Researchers have built a new computational tool that identifies 800 different ways people are at increased risk for post-traumatic stress disorder (PTSD), permitting for the first time a personalized prediction guide.
Results from the study, conducted by New York University's Langone Medical Center and the Danish Veteran Center in Ringsted, Denmark, are published online in the journal BMC Psychiatry.
Current computation methods to help clinicians diagnose PTSD are capable of calculating the average risk for entire groups of survivors, not granular enough to serve as individual risk prediction tools. The new algorithm applied risk prediction tools, currently used to predict the growth of cancer, to predicting PTSD. The algorithm showed that, when applied to data collected within 10 days of a traumatic event, it can more accurately predict who is likely to develop PTSD despite the many ways in which traumatic events occur. Data crunched into the algorithm includes variables on type of event, early symptoms, and emergency department findings.
Our study shows that high-risk individuals who have experienced a traumatic event can be identified less than two weeks after they are first seen in the emergency department, said study co-author Arieh Y. Shalev, M.D., professor of psychiatry at NYU Langone. Until now, we have not had a toolin this case a computational algorithmthat can weigh the many different ways in which trauma occurs to individuals and provides a personalized risk estimate.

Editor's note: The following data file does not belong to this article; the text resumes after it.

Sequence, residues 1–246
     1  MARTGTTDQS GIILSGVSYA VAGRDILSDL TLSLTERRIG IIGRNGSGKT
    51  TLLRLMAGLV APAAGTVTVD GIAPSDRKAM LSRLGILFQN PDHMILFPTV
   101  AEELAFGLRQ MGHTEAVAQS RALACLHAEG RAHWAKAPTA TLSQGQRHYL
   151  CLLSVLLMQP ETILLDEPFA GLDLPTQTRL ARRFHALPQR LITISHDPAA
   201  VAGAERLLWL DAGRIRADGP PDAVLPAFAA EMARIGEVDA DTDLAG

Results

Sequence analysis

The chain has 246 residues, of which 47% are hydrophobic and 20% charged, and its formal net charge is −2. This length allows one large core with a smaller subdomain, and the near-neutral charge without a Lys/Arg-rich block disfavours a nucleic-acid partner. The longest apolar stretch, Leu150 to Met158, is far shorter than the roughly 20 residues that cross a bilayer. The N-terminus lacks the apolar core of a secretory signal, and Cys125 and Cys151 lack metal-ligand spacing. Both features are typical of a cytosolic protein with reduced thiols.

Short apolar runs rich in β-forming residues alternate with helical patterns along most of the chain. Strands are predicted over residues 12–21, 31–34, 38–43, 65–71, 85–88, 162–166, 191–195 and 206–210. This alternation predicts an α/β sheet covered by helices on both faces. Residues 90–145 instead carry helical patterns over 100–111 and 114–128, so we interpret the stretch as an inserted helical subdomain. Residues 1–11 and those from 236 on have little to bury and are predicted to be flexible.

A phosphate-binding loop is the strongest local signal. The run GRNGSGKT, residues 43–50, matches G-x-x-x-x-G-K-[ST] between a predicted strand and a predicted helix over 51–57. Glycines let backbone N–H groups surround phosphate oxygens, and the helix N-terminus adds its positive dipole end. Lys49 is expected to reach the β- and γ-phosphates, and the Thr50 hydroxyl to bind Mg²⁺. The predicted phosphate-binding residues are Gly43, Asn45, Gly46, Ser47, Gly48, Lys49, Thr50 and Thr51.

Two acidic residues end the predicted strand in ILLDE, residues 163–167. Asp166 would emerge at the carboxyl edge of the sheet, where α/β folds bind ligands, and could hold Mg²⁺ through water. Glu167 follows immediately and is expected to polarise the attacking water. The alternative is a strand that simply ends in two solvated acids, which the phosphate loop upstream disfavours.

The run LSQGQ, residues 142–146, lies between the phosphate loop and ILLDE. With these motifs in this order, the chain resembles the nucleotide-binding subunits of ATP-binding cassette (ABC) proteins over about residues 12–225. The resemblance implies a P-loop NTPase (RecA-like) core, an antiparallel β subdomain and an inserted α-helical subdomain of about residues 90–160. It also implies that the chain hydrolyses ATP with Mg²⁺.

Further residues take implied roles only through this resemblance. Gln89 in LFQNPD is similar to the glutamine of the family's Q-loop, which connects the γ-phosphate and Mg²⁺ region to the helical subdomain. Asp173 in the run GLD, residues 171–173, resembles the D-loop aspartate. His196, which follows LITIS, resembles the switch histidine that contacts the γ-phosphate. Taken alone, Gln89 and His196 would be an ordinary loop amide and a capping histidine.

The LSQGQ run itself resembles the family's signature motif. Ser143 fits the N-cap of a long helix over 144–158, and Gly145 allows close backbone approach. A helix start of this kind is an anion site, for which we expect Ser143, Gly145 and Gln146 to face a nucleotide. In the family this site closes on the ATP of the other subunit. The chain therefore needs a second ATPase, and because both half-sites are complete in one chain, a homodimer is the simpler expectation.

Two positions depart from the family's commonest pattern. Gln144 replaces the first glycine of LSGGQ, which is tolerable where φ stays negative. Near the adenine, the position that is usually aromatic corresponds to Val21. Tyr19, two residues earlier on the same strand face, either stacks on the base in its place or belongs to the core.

Shalev stressed this latest publication is a proof of concept paper. For robust prediction across conditions, he says, the identified algorithm needs to be used to gather knowledge gained in traumatic events experienced by other patient populations and traumatic events.
To build a generalized predictive model, the research team, in collaboration with researchers from Columbia and Harvard universities, has already received datasets from 19 other centers worldwide in an National Institute of Mental Health-funded study designed to produce a comprehensive predictive algorithm.
The study is available here.
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